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Shame, Disbelief in Suspect's Pueblo : Mexico: Daniel Aguilar Trevino's hometown endures unwanted attention after political leader's assassination.


CORRALEJO, Mexico — Fifteen hours of hard driving separates Mexico City from the village of 60 families where Daniel Aguilar Trevino was born in a dirt-floor shack. It is a pueblo so placid that sleeping dogs don't budge from the hard-packed roads for passing cars, and local police officials can't even remember the last arrest for a violent crime.

And those officials barely recall "Danielito," the skinny, 28-year-old bean farmer and sometime ranch hand whose first trip to Mexico City has made him an infamous figure--the accused killer of powerful Mexican political leader Francisco Ruiz Massieu, a man he knew only from magazine photos.

"We don't know why he would do this," said his mother, Jovita Trevino, tears rimming her eyes. "I think somebody took control of his mind."

Since last week, when federal investigators roared into Jovita Trevino's rose garden with questions about her son, the peaceful village of Corralejo has come under siege from unwanted attention.

The village has fallen into the wide net that federal investigators are casting as they investigate the bold daylight murder of the second-ranking official in the Institutional Revolutionary Party, or PRI, which has ruled Mexico for 65 years. Ruiz Massieu was a former governor of the state of Guerrero who was rumored to be slated to become majority leader in the Chamber of Deputies.

The trail has led to the northeastern state of Tamaulipas because of Aguilar Trevino and two men he named as his accomplices in a statement to police. And suspicion has fallen on the head of the drug cartel that controls the state and a union boss who has been in prison for nearly six years, as well as several legislators, according to sources close to the investigation.

Authorities have not confirmed any of the myriad reports appearing in the media and have denied only a few. The attorney general has not made a statement since Thursday.

The breach of information has been filled with rumors and speculation. Some theories link Ruiz Massieu's murder to the March assassination of PRI presidential candidate Luis Donaldo Colosio. Because both the victim and his suspected killer are from states notorious for drug trafficking, narcotics dealers have come under suspicion. Other reports indicate that Ruiz Massieu made enough enemies during his tenure as governor of Guerrero to explain a revenge killing.

Villagers here denied press reports of massive arrests, although they said they have been questioned by police.

Aguilar Trevino's ailing 70-year-old father has retreated in embarrassment to his daughter's house in a neighboring city. Next door, a one-room house is guarded only by a dog and a few goats; the owners also left after their son, Carlos Cantu Narvaez, was linked to the assassination plot. Cantu, who was Aguilar Trevino's childhood friend, surrendered to police on Saturday, Reuters news service reported.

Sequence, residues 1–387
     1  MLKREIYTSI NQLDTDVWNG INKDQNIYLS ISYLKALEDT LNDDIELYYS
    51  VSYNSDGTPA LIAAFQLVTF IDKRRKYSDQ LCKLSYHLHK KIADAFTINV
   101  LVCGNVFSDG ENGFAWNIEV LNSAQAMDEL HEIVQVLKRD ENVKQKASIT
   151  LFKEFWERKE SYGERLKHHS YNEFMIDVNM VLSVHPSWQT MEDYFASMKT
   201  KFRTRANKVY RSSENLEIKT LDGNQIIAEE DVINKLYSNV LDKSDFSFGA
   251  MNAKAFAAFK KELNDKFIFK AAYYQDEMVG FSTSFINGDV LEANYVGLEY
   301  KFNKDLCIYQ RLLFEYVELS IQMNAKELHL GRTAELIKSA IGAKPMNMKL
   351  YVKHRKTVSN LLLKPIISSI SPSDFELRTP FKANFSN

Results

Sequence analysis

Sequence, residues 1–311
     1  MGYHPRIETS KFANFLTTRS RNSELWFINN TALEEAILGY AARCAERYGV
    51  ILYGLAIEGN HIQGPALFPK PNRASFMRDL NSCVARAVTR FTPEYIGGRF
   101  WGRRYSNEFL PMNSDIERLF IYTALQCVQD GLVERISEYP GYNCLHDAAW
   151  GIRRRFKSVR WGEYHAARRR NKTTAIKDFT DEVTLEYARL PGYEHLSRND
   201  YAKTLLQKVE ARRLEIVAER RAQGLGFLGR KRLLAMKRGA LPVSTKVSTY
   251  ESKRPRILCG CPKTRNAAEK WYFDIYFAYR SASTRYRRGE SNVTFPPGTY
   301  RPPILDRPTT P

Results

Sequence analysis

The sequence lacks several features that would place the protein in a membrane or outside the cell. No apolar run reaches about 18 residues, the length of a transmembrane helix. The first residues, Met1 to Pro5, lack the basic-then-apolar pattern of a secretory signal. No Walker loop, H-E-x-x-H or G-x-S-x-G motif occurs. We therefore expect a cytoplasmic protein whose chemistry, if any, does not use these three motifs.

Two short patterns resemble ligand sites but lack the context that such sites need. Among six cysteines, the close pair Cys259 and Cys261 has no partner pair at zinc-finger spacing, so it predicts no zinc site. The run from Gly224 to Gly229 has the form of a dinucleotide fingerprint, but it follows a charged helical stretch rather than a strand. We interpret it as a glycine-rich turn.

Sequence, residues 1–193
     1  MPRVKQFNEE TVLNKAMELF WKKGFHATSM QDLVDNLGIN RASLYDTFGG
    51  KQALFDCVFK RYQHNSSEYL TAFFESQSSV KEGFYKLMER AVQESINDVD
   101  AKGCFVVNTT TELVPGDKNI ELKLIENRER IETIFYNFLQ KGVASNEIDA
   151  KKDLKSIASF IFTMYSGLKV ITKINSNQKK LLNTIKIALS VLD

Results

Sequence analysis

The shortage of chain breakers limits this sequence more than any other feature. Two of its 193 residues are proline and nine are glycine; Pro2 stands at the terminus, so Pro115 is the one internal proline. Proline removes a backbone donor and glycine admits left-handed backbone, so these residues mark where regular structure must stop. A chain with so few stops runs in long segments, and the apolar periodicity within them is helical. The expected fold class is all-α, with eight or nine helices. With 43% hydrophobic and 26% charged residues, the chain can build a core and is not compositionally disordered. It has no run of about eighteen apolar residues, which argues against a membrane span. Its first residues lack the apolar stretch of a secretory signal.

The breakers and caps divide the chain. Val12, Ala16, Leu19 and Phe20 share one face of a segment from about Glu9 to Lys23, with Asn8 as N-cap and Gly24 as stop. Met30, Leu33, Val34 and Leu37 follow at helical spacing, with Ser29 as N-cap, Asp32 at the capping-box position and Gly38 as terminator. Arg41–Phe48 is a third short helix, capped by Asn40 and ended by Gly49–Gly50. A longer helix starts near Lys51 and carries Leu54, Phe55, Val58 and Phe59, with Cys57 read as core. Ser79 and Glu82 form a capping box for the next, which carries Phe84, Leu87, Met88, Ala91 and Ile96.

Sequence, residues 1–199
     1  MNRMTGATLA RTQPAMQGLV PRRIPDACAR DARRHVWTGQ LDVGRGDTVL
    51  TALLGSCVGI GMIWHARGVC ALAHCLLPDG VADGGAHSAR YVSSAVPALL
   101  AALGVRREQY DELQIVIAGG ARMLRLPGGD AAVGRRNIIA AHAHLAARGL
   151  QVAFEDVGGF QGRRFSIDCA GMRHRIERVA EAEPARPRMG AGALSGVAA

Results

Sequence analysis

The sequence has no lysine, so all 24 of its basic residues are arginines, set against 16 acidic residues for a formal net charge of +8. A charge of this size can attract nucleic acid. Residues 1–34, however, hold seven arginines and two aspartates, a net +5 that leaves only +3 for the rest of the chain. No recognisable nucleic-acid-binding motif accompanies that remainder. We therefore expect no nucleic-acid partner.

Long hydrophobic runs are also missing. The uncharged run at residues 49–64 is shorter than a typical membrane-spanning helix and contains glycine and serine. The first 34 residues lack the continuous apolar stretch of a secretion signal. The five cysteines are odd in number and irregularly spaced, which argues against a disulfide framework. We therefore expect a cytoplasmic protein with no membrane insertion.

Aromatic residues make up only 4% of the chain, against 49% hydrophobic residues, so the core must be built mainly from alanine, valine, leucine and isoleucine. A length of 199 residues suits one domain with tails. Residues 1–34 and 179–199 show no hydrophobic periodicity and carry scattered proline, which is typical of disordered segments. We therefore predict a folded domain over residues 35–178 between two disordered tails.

Investigators say it was Cantu who accompanied Aguilar Trevino in a green Chrysler on the day of the slaying, signaling to shoot Ruiz Massieu. And, investigators say, a third man, Fernando Rodriguez Gonzalez, pointed out the victim for Aguilar Trevino in a magazine photo. Investigators contend that Aguilar Trevino's price for killing a man he didn't know was 50,000 new pesos--$17,000.

In Aguilar Trevino's hometown, where most people eke out a living farming or raising animals, $17,000 is a fortune that could buy a neighborhood of six homes. It is 10 years of income for a campesino making barely $5 a day.

But his mother said she had no clue that her son was desperate for money.

"This is so mortifying for us," she said. "For the poverty we have, he didn't need to do this."

There has been nothing in Aguilar Trevino's life that ever hinted at the cold role of an executioner. His passion is music, the louder the better. He likes fine clothes and the dances hosted at local ranches. He has no taste for politics other than to vote for the PRI in the August election.

The third son of six children, Aguilar Trevino comes from a family that was intertwined with most of the other families in Corralejo. Many of his relatives considered his life rather uneventful.

After finishing elementary school, Aguilar Trevino started tending bean and corn plants on his father's farm. Sometimes he would find jobs on local ranches, caring for animals and tending gardens. More than a year ago, his mother said, he drifted to California, where he picked oranges for a season. But she was hazy on the details of his employers.

She said he always sent money home. And eventually he saved enough to build a one-room house on his parents' property four months ago.

About 15 days before the killing, Aguilar Trevino left his home, telling his family he had found a new job as a ranch hand. Police, however, said Aguilar Trevino told them he arrived in Mexico City three weeks before the slaying. His family knew nothing else when he left but took comfort from the fact that he said he would return in time to prepare for his December birthday.

His youngest sister, Delfina, remembers joking with him about killing his fat old dog to roast for his birthday dinner.

Then she added, "Why don't you kill a goat for the dinner?"

She said he shook his head and replied, "I don't know what I'll kill."

Times staff writer Juanita Darling contributed to this report from Mexico City.

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